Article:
To determine the influence of gestational age, gender, and race, on lipoprotein heterogeneity at birth.
Prospective study of representative sample of infants.
The Johns Hopkins Hospital.
163 infants (70 White and 93 Black) >28 weeks gestational age.
Lipids, lipoprotein subclasses, apolipoproteins, Lp (a) lipoprotein.
The number of low-density lipoprotein (LDL) particles, large LDL subclass, and LDL cholesterol level, were all significantly higher in the younger infants. The large high-density lipoprotein (HDL) subclass was significantly higher, while the small HDL subclass was significantly lower in the younger infants. Female infants had a greater HDL size than did males (P=.03). There were no differences between the age groups for HDL cholesterol, very low-density lipoprotein subclasses, or levels of triglycerides, or apolipoproteins B and A-I. White infants had a notably higher mean (SD) level (nmol/L) of total LDL particles (476 ), compared to the Black infants (372 ) (P=.009). The Black infants had a significantly (P=.02) higher mean (SD) Lp (a) lipoprotein level (mg/dL), compared to the White infants, 2.8 (3.2) vs 1.7 (2.4). Black small-for-gestational age infants had significantly higher levels of very low and intermediate density lipoproteins and apolipoprotein B, compared to appropriate-for-gestational age infants.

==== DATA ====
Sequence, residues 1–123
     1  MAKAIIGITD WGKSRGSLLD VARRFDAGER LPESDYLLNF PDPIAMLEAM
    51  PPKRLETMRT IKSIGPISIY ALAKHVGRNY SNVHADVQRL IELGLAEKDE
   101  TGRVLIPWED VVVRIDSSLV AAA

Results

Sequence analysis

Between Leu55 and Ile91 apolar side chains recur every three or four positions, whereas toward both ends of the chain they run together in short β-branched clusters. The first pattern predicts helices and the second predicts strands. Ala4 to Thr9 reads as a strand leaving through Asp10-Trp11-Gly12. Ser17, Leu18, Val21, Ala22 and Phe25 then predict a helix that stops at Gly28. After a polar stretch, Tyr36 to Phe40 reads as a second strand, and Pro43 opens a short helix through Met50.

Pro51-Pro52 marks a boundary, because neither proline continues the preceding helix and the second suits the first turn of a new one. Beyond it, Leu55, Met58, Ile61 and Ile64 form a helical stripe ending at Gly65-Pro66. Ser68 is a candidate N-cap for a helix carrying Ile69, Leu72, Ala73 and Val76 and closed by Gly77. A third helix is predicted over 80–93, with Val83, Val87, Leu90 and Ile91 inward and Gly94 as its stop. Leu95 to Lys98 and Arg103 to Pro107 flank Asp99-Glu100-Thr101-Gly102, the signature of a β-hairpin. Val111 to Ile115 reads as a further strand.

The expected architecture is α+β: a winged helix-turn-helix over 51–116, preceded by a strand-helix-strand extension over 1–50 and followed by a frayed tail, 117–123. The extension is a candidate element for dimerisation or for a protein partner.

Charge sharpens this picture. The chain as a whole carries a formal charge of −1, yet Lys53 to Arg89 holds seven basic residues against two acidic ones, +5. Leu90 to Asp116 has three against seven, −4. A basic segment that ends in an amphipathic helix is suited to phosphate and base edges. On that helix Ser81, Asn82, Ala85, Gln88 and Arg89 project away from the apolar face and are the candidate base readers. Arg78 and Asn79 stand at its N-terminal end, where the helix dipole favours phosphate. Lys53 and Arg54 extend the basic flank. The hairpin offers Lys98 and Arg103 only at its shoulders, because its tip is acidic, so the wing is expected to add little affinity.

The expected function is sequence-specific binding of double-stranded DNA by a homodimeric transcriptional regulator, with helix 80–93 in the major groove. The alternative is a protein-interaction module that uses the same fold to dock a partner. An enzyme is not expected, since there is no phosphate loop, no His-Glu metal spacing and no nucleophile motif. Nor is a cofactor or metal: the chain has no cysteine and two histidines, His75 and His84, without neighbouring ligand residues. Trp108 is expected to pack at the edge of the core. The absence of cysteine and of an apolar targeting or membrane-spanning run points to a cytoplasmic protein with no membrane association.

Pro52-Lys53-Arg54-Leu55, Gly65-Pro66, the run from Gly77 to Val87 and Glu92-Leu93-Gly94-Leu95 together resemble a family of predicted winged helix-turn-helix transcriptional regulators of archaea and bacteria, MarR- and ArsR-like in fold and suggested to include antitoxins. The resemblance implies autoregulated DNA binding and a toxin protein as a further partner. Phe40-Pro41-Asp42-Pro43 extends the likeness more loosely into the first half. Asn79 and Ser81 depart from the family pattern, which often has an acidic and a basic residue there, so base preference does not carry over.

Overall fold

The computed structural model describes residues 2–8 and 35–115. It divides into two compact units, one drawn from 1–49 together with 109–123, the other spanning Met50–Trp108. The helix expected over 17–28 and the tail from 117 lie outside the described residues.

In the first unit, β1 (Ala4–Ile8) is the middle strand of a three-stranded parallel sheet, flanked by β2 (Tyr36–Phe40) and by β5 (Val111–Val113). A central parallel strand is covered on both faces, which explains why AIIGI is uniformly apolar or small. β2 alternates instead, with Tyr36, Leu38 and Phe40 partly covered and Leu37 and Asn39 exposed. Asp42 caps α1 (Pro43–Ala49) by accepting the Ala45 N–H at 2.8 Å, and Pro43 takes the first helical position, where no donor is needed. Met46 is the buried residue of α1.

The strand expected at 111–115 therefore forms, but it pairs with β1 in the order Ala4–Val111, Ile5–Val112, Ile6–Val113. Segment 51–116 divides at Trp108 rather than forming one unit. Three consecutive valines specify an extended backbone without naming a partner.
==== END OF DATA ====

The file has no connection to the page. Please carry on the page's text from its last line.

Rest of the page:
Gestational age has a significant effect on both LDL and HDL subclasses. Differences in LDL particle number and Lp (a) between White and Black infants mirror those seen later in life.